Impact investing: tackling the doom and gloom!
Written by Alex Knight
Reading and watching the news at the moment can be a concerning endeavour. If it’s not the latest Russia-related diplomatic crisis, or Trump’s flamboyant tomfoolery (as I imagine his British doppelganger Boris might say), then it’s Facebook’s ongoing data scandal.
However, most people would also agree that the last few years have seen a spike in humanitarian and environmental concern:
Electric vehicles are on the rise, particularly in light of the Government’s recently announced 2030 goal, gender equality is being discussed and (to some extent) addressed, there’s also a growing anti-plastic movement and a tax on sugary drinks has even just come into effect in the UK.
In many cases, these are brought on by public awareness championed by a few key organisations and individuals; Tesla legitimising electric vehicles, Sir Attenborough for the plastic pollution problem and I guess Jamie Oliver for the UK’s sugar tax…
Get the mob on board
Anyway, if anything, these examples are evidence of one thing: if something draws the public concern enough, it’ll catch on. (Particularly when it makes long term economic sense like electric vehicles or recycling).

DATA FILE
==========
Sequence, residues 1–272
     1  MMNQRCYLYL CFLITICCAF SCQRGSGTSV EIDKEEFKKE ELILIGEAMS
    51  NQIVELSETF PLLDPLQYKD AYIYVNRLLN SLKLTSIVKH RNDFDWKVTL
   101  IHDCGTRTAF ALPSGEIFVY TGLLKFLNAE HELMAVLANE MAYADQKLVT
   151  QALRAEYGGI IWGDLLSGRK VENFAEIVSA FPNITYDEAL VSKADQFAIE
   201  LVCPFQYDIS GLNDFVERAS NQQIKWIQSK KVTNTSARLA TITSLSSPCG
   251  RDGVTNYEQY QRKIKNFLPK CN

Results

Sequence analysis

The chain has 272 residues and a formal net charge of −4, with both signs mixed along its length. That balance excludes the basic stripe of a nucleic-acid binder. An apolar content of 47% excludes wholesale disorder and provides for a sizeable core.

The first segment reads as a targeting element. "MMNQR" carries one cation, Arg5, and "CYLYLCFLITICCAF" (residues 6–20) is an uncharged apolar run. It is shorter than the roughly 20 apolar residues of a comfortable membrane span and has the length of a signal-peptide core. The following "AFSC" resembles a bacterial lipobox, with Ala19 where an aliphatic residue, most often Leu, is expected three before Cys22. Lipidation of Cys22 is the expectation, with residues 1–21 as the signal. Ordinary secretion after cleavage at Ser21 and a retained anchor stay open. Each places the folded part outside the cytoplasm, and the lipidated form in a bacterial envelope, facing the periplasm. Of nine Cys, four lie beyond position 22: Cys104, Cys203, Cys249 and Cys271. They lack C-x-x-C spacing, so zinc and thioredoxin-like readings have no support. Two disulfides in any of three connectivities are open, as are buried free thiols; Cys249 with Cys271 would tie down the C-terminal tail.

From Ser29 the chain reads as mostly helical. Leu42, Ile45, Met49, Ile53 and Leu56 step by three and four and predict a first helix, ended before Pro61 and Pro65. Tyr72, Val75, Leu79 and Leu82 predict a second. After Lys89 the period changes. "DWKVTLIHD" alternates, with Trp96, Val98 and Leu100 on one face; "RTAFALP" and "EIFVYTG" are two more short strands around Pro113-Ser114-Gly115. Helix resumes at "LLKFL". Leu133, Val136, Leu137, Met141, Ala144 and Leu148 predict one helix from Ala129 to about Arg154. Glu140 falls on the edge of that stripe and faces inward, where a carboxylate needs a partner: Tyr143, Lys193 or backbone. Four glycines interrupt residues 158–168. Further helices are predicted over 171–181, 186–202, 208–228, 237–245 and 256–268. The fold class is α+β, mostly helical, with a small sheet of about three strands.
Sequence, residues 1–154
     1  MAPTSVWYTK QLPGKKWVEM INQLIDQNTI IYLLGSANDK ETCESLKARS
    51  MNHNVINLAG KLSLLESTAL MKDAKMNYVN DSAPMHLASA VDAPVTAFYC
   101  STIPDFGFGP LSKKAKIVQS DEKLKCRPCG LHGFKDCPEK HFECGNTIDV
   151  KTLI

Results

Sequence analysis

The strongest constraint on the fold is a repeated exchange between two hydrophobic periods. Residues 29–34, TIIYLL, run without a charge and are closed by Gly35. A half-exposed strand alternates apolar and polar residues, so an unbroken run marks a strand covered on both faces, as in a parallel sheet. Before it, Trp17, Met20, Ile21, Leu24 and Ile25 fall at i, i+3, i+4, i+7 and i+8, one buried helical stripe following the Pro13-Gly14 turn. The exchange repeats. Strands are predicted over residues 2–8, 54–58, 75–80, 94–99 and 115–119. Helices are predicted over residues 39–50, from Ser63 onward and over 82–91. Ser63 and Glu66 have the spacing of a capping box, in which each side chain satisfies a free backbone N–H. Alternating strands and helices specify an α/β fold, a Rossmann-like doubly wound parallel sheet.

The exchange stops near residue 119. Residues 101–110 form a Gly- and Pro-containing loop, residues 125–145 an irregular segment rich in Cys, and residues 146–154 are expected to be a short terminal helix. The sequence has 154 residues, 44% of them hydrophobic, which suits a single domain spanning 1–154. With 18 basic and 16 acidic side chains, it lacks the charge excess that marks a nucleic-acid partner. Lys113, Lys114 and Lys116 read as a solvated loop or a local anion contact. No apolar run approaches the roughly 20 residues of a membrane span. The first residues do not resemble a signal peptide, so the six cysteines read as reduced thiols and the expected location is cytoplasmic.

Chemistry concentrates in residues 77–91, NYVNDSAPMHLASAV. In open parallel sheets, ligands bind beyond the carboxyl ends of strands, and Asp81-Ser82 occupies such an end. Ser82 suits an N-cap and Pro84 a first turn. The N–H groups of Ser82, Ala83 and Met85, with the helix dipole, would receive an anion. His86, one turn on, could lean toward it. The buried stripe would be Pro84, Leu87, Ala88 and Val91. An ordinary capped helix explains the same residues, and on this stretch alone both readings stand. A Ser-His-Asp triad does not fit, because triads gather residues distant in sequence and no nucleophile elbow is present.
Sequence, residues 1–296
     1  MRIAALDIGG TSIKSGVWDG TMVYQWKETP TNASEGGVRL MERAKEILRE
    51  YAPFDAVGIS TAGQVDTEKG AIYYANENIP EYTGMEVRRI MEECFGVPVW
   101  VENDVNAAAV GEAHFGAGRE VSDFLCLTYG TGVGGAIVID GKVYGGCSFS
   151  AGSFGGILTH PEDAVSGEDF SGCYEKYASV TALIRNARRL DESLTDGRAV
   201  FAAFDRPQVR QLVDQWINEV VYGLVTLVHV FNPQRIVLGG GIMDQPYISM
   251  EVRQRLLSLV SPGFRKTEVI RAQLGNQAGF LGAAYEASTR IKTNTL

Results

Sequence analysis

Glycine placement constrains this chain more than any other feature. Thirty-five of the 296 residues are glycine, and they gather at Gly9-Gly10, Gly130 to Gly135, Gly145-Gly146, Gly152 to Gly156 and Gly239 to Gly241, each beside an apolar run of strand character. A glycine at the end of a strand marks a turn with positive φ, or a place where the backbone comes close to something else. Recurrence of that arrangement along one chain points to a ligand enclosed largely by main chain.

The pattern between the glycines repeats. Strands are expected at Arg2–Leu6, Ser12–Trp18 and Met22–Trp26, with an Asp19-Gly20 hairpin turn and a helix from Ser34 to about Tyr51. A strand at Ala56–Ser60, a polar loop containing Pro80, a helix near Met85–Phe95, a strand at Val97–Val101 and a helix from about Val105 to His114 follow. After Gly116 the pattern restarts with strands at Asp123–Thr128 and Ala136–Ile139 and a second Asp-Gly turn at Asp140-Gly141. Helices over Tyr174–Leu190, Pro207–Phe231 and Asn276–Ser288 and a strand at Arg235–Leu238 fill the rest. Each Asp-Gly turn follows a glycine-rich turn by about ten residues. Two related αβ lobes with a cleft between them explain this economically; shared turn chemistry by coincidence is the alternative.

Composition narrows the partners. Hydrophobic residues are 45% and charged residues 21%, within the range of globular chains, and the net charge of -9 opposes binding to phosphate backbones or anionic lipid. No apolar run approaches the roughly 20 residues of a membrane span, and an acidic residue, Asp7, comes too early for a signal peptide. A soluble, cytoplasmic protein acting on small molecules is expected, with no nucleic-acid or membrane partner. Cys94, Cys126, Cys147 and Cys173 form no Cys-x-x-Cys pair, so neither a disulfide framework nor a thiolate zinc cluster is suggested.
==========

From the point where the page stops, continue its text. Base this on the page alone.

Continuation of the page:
Impact investing is the practice of investing capital to generate a positive social or environmental benefit alongside a financial return. Impact investing can capitalise (do excuse the pun) on these growing popular trends – it’s a potential solution for many of these issues.
The term is catching on now faster than ever before, but it’s critical that momentum is maintained.
Bringing the practice more directly to the attention of the masses will inevitably increase support and engagement for the industry, both on an institutional and retail level.
So what can we do?
Most are simply unaware that a good deed can also generate a financial return. You don’t have to just give it away to a faceless bank – you can invest in causes you want to support.
We need to reinforce that key message and get it out there in front of all potential investors.
As outlined by a recent UK Government report, PR and the media will need to play a role in the up-take. We’ve definitely seen a growing level of media interest recently – something I have noticed working in the space over the last year – but the practice should be brought to a mass market.
We’re also on the brink of a major change in wealth allocation: wealth is trickling from baby-boomers to millennials who might soon have more capability to invest.
Knowing millennial trends, impact investing could be a popular way to go…
The aim is simple
Like with Tesla, Sir David and Jamie Oliver – impact investing needs pioneers to bring it to the front of dialogue!
There are existing organisations such as the Global Impact Investing Network (an Aspectus client) and Omidyar Network who are taking on that role, but there’s still scope for someone to come and capture the public imagination.
Now is the time to align private capital with that growing public consensus – it shouldn’t be the sole responsibility of government and charities to improve lives, businesses have a role to play and impact investing is the glue which can stick it all together.
With impact investing, we’ll get to read more of that positive news we all like reading.